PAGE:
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Morgan Stanley Agrees to Pay $225M to Settle NCUA’s Claims
Monday, December 14, 2015 6:45 AM

Most Recent Settlement Resolves Cases in New York and Kansas Federal Courts

The National Credit Union Administration has announced a settlement with Morgan Stanley for $225 million to resolve claims arising from losses related to corporate credit unions’ purchases of faulty residential mortgage-backed securities.

“NCUA continues to pursue recoveries on behalf of the corporate credit unions against the financial firms we maintain contributed to the corporates’ losses,” NCUA Board Chairman Debbie Matz said. “These actions fulfill our statutory obligation to act in order to minimize costs to the credit union system resulting from the crisis. They also promote accountability and ensure consumers remain protected.”

NCUA Associate General Counsel John Ianno recognized the U.S. Justice Department’s involvement in the litigation. "We appreciate the efforts of the Department of Justice, with whom we have worked closely in achieving this favorable resolution," Ianno said.

The settlement covers claims asserted in 2013 by the NCUA Board on behalf of U.S. Central Federal Credit Union, Western Corporate Federal Credit Union, Members United Corporate Federal Credit Union, and Southwest Corporate Federal Credit Union. NCUA will dismiss pending suits against Morgan Stanley in federal district courts in New York and Kansas. Morgan Stanley does not admit fault in the settlement.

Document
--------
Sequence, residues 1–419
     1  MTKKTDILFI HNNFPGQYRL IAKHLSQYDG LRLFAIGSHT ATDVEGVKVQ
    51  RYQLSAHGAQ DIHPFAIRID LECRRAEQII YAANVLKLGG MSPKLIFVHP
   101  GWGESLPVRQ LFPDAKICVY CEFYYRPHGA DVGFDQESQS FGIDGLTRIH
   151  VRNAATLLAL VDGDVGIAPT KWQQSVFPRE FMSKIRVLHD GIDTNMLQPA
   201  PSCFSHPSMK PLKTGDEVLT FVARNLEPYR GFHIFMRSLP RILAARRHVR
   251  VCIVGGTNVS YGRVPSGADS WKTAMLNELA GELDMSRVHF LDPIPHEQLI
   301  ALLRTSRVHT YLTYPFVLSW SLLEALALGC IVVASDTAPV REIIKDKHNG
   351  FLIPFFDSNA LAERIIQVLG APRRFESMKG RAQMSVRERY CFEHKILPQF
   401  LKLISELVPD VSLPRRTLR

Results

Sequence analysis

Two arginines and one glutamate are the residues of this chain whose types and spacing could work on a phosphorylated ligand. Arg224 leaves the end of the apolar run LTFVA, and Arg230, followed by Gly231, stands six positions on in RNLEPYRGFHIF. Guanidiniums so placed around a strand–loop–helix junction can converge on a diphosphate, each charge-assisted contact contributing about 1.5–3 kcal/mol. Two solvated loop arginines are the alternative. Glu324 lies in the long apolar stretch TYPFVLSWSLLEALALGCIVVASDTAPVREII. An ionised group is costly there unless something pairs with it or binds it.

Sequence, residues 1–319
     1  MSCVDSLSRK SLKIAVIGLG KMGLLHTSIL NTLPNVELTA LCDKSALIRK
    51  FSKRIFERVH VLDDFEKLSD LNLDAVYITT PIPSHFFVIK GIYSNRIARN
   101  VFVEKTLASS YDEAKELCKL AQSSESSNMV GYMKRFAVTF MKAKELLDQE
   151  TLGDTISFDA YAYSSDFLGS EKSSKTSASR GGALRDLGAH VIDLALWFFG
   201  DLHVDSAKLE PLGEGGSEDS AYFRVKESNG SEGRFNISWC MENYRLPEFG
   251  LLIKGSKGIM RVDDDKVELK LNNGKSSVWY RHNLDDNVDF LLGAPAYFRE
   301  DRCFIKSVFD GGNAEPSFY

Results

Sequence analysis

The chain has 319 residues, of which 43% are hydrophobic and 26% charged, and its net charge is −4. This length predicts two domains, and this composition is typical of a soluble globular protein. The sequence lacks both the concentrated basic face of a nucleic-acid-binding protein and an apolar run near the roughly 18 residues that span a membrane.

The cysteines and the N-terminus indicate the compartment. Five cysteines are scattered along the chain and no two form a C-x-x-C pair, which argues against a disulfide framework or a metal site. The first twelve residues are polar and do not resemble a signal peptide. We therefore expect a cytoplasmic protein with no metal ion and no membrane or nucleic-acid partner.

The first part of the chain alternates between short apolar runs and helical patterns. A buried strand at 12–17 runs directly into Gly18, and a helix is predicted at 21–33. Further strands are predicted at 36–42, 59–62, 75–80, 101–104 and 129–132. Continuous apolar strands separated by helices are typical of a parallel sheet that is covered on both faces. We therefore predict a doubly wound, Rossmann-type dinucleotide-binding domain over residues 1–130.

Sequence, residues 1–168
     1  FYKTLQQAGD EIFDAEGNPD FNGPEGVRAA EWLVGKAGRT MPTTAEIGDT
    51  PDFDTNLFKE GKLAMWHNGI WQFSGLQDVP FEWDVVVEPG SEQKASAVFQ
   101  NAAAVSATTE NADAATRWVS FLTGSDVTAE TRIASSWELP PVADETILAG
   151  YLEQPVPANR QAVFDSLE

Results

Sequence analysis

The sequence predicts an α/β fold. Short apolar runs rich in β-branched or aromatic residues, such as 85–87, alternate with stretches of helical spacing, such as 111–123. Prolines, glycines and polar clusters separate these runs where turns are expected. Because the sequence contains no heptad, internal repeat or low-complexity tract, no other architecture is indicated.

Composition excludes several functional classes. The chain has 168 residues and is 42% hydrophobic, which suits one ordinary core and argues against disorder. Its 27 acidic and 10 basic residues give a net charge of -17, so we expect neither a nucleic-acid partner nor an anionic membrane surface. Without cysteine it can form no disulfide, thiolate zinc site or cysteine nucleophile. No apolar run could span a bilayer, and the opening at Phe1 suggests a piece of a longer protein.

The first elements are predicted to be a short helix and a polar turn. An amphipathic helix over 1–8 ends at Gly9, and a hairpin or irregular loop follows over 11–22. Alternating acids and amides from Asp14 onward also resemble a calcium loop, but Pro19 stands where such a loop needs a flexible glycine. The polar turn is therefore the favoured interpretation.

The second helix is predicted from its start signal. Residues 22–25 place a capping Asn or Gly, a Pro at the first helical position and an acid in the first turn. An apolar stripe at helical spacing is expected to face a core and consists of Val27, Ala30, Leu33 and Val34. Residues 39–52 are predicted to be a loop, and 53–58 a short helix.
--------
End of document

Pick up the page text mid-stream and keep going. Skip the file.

Net proceeds from this settlement and others are used to pay claims against the failed corporate credit unions, including those of the Temporary Corporate Credit Union Stabilization Fund. Stabilization Fund recoveries reduce borrowings from the U.S. Treasury and eliminate the need for assessments to federally insured credit unions.

NCUA was the first federal regulatory agency for depository institutions to recover losses from investments in these securities on behalf of failed financial institutions.

NCUA continues to pursue litigation in federal courts in New York, Kansas, and California against financial firms, including RBS, Goldman Sachs, UBS, and Credit Suisse, based on the sale of faulty securities that caused the collapse of five corporate credit unions. The agency, on behalf of the failed corporates, has other litigation pending against securities firms alleging violations of state and federal anti-trust law by manipulation of interest rates through the London Interbank Offer Rate system. NCUA also has pending suits against financial firms alleging their failure to perform their duties as trustees of residential mortgage-backed securities trusts.

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